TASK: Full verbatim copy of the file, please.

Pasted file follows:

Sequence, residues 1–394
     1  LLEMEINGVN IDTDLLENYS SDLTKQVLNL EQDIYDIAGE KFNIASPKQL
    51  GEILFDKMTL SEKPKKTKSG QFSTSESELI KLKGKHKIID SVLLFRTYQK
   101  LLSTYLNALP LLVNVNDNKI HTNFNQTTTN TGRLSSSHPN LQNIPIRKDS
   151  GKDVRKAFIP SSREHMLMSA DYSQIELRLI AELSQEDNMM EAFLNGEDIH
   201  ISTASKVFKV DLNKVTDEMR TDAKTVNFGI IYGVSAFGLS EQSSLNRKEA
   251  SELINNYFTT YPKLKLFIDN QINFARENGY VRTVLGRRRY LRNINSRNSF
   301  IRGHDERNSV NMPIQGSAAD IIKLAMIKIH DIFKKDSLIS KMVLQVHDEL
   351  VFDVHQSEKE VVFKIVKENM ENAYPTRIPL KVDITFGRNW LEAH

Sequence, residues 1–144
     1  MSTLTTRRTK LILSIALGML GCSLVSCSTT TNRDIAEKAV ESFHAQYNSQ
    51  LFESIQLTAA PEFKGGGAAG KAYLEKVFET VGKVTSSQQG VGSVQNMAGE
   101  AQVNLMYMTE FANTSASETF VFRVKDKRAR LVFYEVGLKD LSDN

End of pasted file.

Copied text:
Sequence, residues 1–394
     1  LLEMEINGVN IDTDLLENYS SDLTKQVLNL EQDIYDIAGE KFNIASPKQL
    51  GEILFDKMTL SEKPKKTKSG QFSTSESELI KLKGKHKIID SVLLFRTYQK
   101  LLSTYLNALP LLVNVNDNKI HTNFNQTTTN TGRLSSSHPN LQNIPIRKDS
   151  GKDVRKAFIP SSREHMLMSA DYSQIELRLI AELSQEDNMM EAFLNGEDIH
   201  ISTASKVFKV DLNKVTDEMR TDAKTVNFGI IYGVSAFGLS EQSSLNRKEA
   251  SELINNYFTT YPKLKLFIDN QINFARENGY VRTVLGRRRY LRNINSRNSF
   301  IRGHDERNSV NMPIQGSAAD IIKLAMIKIH DIFKKDSLIS KMVLQVHDEL
   351  VFDVHQSEKE VVFKIVKENM ENAYPTRIPL KVDITFGRNW LEAH

Sequence, residues 1–144
     1  MSTLTTRRTK LILSIALGML GCSLVSCSTT TNRDIAEKAV ESFHAQYNSQ
    51  LFESIQLTAA PEFKGGGAAG KAYLEKVFET VGKVTSSQQG VGSVQNMAGE
   101  AQVNLMYMTE FANTSASETF VFRVKDKRAR LVFYEVGLKD LSDN